At the end of the First World War the modern Middle East was created by Britain and France, who carved up the old Ottoman possessions with scant regard for the wishes of those who lived there. Frontiers were devised and alien dynasties imposed on the populations as arbitrarily as in mediaeval times. It was destined from the outset to failure. Promises had been made to the Arabs during the War, but were not honoured, and brief hopes for Arab unity were dashed, leading to a bitter belief in western perfidy that persists to the present day. Britain was quick to see the riches promised by the black pools of oil that lay on the ground around Baghdad, and when France too grasped their importance, bitter differences opened up between the two allies, and the areas became a focus of a return to the traditional enmity between them.
an outstanding piece of work . . . utterly compelling' Scotland on Sunday a magisterial study' The Herald inspiring' The Scotsman Scotland's record as a producer of outstanding managers dwarfs that of any other country in the world. This excellent book provides vivid and fascinating insights into that remarkable distinction' Hugh McIlvanney A superb book which examines the contribution Scottish managers have made to the global game' Scottish Daily Mail A book that is already being viewed as a seminal tome' Daily Record Why has Scotland produced so many of the best football managers in the world? Based on exclusive interviews with the men themselves, their players or close friends and family, Michael Grant and Rob Robertson delve into the very heart of Scottish life, society and football to reveal the huge contribution that managers such as Sir Alex Ferguson, Sir Matt Busby, Bill Shankly, Jock Stein, Jim McLean, Kenny Dalglish, Walter Smith and a host of others have made to the world game. This original, brilliantly-realised and critically acclaimed study profiles the character and methods of each of the great Scottish managers, analysing their strengths and weaknesses, and examines their impact on both club and international football. It is a deeply-researched and compelling story which presents new material on many of the greats, particularly Busby and Stein, and highlights the enormous Old Firm contributions of, among others, Willie Maley, Bill Struth and Graeme Souness.
This complete collection of Agnes Owens' five novellas opens with 'Like Birds in the Wilderness', a portrait of brickie Mac. He's a straightforward guy with a talent for laying bricks and a liking for the drink who decides to head to the oil-rich north to seek his fortune. 'A Working Mother' is a wildly entertaining cautionary tale: while Betty's husband, Adam, broods and drinks (to be matched at times by Betty, just to be sociable) she flirts with their best friend Brendan and tries to avoid the roving hands of her new employer. They're all driving Betty crazy. 'For the Love of Willie Owens' takes a sensitive, canny look at wartime teenage pregnancy - a tale as relevant now as ever. 'Bad Attitudes' and 'Jen's Party' conclude the collection: both deadly, darkly funny stories about family relationships and love on the dole.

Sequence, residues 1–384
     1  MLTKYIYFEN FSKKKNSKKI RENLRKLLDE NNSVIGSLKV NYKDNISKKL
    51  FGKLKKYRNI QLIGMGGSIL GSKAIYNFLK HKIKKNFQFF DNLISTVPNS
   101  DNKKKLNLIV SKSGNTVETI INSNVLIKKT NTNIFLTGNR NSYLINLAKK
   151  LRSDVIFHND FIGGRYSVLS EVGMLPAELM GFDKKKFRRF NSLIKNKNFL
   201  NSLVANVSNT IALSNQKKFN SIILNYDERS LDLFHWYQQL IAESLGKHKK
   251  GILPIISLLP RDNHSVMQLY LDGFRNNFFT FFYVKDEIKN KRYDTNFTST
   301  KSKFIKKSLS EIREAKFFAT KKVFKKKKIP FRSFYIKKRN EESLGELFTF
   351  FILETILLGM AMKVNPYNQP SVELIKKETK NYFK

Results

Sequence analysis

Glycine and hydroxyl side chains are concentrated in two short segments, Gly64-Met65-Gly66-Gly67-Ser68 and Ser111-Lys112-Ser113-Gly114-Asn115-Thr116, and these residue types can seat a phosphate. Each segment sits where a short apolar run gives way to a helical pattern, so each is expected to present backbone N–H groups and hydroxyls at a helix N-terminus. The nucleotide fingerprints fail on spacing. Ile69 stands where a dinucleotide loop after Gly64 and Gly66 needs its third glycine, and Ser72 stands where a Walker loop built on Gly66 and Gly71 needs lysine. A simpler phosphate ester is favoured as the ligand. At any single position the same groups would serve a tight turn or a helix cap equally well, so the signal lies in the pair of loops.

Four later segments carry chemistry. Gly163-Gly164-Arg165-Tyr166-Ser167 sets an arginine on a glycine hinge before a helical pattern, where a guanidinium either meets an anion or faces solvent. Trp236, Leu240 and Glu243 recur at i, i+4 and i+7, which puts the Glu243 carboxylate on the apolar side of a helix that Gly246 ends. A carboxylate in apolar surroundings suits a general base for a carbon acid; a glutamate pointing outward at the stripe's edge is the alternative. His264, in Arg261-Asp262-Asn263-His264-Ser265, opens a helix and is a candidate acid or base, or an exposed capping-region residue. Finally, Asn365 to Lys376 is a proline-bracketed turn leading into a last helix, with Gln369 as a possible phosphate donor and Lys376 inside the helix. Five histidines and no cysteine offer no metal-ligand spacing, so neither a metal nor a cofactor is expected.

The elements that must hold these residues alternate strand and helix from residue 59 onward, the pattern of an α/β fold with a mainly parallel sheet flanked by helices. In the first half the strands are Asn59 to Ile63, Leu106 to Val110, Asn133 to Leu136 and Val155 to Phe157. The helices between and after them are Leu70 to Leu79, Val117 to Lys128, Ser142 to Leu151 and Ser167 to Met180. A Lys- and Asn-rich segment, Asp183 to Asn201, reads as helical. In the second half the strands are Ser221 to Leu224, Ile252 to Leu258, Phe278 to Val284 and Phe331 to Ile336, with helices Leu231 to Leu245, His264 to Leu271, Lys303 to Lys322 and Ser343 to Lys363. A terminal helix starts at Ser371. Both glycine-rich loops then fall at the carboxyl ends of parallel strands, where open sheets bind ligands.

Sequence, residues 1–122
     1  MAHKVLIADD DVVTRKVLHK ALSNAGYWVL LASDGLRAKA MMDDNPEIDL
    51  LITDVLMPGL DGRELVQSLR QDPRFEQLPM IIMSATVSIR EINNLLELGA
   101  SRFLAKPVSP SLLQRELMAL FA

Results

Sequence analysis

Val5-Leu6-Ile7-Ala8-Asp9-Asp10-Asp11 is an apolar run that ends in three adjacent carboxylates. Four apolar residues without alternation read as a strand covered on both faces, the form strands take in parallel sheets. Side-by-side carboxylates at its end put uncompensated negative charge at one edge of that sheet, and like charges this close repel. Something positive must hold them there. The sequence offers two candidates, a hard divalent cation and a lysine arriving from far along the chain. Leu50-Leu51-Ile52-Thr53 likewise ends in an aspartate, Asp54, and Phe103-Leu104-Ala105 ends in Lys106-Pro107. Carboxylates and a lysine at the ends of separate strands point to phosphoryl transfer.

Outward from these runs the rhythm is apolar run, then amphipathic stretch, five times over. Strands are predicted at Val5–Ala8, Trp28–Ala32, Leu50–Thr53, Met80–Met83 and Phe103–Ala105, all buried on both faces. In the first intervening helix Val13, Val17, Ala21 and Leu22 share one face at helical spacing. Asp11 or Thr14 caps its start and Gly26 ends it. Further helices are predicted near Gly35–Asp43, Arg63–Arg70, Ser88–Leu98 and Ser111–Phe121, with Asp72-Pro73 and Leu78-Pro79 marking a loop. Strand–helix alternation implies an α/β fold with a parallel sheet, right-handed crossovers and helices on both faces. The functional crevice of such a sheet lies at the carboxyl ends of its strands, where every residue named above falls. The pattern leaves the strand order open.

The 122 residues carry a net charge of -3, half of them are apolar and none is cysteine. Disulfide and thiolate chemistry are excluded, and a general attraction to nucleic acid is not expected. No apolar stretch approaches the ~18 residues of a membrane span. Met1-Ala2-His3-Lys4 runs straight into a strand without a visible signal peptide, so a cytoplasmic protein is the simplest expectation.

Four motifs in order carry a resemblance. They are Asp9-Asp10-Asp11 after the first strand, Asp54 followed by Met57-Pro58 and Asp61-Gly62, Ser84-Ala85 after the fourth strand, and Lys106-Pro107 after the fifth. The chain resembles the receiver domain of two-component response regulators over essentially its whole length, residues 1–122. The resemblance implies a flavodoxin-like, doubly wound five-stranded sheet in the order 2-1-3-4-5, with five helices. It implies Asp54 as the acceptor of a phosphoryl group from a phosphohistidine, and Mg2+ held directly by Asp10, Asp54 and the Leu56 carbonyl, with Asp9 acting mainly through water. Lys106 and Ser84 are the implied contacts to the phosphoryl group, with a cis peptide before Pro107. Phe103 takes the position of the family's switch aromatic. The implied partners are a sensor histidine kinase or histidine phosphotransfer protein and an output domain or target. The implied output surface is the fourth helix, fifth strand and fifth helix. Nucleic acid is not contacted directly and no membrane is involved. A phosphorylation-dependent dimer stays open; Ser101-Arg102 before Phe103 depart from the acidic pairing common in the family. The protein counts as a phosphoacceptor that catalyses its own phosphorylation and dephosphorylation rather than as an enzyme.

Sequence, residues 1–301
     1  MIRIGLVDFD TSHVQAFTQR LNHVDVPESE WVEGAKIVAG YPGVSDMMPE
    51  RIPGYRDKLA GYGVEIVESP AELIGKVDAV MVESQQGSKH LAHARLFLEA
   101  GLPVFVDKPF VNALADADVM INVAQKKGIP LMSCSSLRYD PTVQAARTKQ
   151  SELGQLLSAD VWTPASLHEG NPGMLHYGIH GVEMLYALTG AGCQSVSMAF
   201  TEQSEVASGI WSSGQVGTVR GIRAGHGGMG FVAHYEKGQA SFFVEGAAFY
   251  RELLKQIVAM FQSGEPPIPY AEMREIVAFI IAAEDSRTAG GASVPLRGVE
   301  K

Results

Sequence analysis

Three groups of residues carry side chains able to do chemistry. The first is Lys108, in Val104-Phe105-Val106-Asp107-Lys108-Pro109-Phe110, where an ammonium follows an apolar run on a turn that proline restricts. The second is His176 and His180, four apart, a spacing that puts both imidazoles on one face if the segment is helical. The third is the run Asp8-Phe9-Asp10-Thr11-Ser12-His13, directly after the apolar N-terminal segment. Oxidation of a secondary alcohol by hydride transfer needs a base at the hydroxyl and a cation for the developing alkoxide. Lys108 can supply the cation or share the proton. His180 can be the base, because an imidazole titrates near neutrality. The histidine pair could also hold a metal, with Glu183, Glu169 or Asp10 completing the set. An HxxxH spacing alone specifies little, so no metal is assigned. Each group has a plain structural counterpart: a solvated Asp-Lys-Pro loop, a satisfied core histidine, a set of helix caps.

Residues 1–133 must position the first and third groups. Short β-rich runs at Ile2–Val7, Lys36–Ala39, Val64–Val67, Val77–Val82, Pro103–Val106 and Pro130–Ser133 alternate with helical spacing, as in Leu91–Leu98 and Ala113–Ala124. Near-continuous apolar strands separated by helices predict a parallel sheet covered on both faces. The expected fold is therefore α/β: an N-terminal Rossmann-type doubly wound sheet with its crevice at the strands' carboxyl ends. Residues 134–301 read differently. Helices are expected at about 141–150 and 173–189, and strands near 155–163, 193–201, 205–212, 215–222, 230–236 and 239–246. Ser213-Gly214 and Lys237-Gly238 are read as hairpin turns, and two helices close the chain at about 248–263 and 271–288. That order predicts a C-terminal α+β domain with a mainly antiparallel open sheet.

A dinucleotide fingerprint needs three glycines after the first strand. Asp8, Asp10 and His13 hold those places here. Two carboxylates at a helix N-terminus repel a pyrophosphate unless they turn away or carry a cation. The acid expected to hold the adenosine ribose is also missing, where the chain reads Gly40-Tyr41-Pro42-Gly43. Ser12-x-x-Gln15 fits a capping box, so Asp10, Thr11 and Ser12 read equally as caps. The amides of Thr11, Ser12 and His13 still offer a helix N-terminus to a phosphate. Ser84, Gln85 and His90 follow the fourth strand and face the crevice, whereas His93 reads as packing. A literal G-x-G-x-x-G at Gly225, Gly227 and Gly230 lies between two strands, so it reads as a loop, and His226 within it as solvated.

';A terrific collection,'; - The Times ';Her black humour and piercing observation bear comparison with the work of Muriel Spark,'; - Guardian ';It';s almost impossible to pick up this substantial collection and find anything more worthwhile to do for the rest of the day than read it cover to cover,';- Rosemary Goring, The Herald ';The woman is a genius,'; - Daily Mail 'Essential reading. It is Agnes Owens at her subtle, concise best - truthful, humane and quite brilliant' - Times Literary Supplement ';Her stories...carry the emotional clout of a knockout punch,'; - Observer ';Owens is a rare treasure,'; - Allan Massie, The Scotsman ';Acerbic, wicked, utterly honest, sly, gothic, brilliantly black deadpan funny,'; - Liz Lochead, Sunday Herald The complete life work of Agnes Owens in short stories - everything from Gentlemen of the West, Lean Tales, People Like That and 14 brand new unpublished stories. Witty and dark, Owens'; spare prose shocks and delights. Her talent for pithy, unsettling tales is as sharp as ever, confirming her place as one of Scotland';s finest contemporary writers.
Joanne Rowling was once a would-be published author like many others committed and determined. Now J K Rowling is at the heart of a global media phenomenon, wealthier, and more influential and successful than she could possibly have imagined. The Harry Potter novels changed her life, and the landscape of writing, publishing and bookselling for children forever. This unauthorised biography follows the transformation of a lonely single mother into a powerful inspirational businesswoman. J K Rowling's story is one of talent, hard work, self-belief and the transforming power of the imagination. From a remarkable insider perspective Lindsey Fraser tells the amazing tale that began one day on a train, when Rowling had forgotten to pack a pen. . .